William Flesch‘s Comeuppance: Costly Signaling, Altruistic Punishment, and Other Biological Components of Fiction is, I think (by which I mean, to the best of my knowledge) the best work of Darwinian literary criticism since the writings of Morse Peckham. That may sound like faint praise, considering how lame most recent lit crit based on “evolutionary psychology” has been; but Comeuppance is a brilliant and startlingly original book, making connections that have heretofore passed unnoticed, but that seem almost self-evident once Flesch has pointed them out.
Comeuppance combines attention to cutting-edge biological theory with a set of aesthetic concerns that are, in a certain sense, so “old-fashioned” that most contemporary theorists and critics have completely forgotten even to think about them. Flesch is concerned with the question of vicarious experience: that is to say, he wants to know why we have so much interest in, and emotional attachment to, fictional characters, narratives, and worlds. He tries to account for why we are so inclined to the “suspension of disbelief” when we encounter a fiction; why we root for the good guys and hiss at the bad guys in novels and movies; why we find it so satisfying when Sherlock Holmes solves a case, or when Spiderman defeats the Green Goblin, or when Hamlet finally avenges his father’s death, or when we imagine a torrid romance between Captain Kirk and Mr. Spock.
When such pleasures are thought about at all, they are usually attributed either to our delight in mimesis, or imitation (which was Aristotle’s theory) or to our identification with the protagonist of the fiction (which was Freud’s). But Flesch suggests that both these accounts are wrong, or at least inadequate. Far from identifying with Sherlock Holmes, Spiderman, Hamlet, or Captain Kirk, we admire and love them from a spectatorial distance, and with an intense awareness of that distance. And while our engagement with narratives requires a certain degree of “verisimilitude,” neither resemblance nor plausibility is enough in itself to generate the sort of engagement and attachment with which we encounter fictions.
Flesch proposes a very different explanation for this engagement and attachment from either the Aristotelian or the Freudian one. He bases it on recent developments in evolutionary biology, and particularly 1)the use of game-theoretical simulations to explain the development of intraspecies (and even inter-species) cooperation, ever since Robert Axelrod, in the 1980s, first used the “Prisoner’s Dilemma” game to model how competition could give rise to altruism; and 2)the studies by Amotz and Avishag Zahavi of “costly signaling” and the “handicap principle.” I will not try to reproduce here the details of these studies, nor the elegant logic that Flesch uses in order to put them together, and to bring them to bear on the problematics of fiction; I only wish to summarize them briefly, in order to move on to the consequences of Flesch’s arguments.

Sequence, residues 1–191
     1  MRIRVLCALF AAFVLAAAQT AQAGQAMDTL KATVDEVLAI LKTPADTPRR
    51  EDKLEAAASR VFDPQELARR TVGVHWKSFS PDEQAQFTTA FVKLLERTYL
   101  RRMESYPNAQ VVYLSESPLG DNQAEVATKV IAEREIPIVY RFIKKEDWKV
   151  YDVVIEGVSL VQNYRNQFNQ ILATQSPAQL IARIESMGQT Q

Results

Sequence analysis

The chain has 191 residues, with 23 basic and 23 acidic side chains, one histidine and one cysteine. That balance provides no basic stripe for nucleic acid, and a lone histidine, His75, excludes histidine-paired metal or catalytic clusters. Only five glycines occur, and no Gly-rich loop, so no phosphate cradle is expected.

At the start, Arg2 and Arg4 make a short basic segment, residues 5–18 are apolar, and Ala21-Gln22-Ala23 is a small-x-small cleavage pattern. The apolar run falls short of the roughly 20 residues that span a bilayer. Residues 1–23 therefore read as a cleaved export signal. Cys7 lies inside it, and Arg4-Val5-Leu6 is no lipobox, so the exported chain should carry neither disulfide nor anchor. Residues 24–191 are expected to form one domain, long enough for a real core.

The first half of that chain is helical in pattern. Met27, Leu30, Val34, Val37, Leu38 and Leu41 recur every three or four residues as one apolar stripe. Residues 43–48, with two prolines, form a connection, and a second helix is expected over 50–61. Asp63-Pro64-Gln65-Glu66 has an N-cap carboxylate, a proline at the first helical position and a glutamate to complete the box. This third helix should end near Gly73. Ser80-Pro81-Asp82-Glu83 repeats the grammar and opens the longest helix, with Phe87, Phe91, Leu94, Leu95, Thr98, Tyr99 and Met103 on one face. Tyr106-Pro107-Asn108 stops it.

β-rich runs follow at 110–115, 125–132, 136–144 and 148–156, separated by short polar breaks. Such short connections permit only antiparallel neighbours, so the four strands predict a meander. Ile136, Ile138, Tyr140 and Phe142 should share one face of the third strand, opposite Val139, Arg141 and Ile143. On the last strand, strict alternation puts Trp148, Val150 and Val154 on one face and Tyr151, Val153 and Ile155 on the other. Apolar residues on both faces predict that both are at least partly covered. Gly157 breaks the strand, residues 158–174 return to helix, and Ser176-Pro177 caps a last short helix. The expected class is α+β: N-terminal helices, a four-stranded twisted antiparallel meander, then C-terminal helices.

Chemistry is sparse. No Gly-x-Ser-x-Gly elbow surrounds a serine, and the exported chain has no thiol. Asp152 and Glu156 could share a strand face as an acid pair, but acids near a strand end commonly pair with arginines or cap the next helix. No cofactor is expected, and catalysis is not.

In brief, Flesch maintains: that evolution can lead, and evidently has led, to the development (in human beings, and evidently other organisms as well) of “true altruism,” or the impulse to help others, or the group in general, even at considerable cost to oneself; that this altruism requires that we continually monitor one another for signs or selfishness or cheating (because otherwise, selfish cheaters would always prosper at the expense of those who were honestly altruistic); that, as a result of this monitoring, we get vicarious pleasure from the punishment of cheaters and (to a lesser extent) from the reward of those who enforce this by actively ferreting out and punishing the cheaters; that altruism cannot just be enforced by the punishment of individual cheaters, but needs to be signaled, and made evident to everybody (including the cheater) as well; that — given the way that everyone is continually monitoring everyone else — the best way to make evident that one is indeed an altruist rather than a cheater is to engage in “costly signaling,” or altruistic behavior that is sufficiently costly (draining of wealth or energy, involving risks) to the one engaging in it that it has to be authentic rather than a sham; and that our constant monitoring and reading of these signals, our constant emotional reaction to vicarious experience, is what gives us the predisposition to be absorbed in, or at least emotionally affected by, fictions, so that we respond to fictional characters in narratives in much the same way that we do to real people whom we do not necessarily know, but continually observe and monitor. (There’s not that great a difference, really, between my reaction to Captain Kirk, and my reaction to Bill Clinton).
I haven’t done justice to the full subtlety and range of Flesch’s argument; nor have I conveyed an adequate sense of how plausible and convincing it is, in the detail with which he works it through. But the argument is as careful and nuanced as it is ambitious. It’s true that Flesch places his argument under the mantle of “evolutionary psychology,” something about which I remain deeply dubious. The proponents of evolutionary psychology tend to make global or universalist claims which radically underestimate the extent of human diversity and of historical and cultural differences. I am willing to accept, until shown otherwise, that in all human cultures people sing songs, and experience the physiological reactions that we know as “fear”, and have certain rituals of hospitality. But even if these are biological givens, “human nature” is radically underdetermined by them. For instance, there are enormous differences among cultures and histories as to which vocal performances count as songs, and why and when we sing, and what it means to sing, and when it is appropriate to sing and when not, and what emotions are aroused by singing, and who knows the songs and is expected to sing them, and what technologies are associated with singing, and so on almost ad infinitum.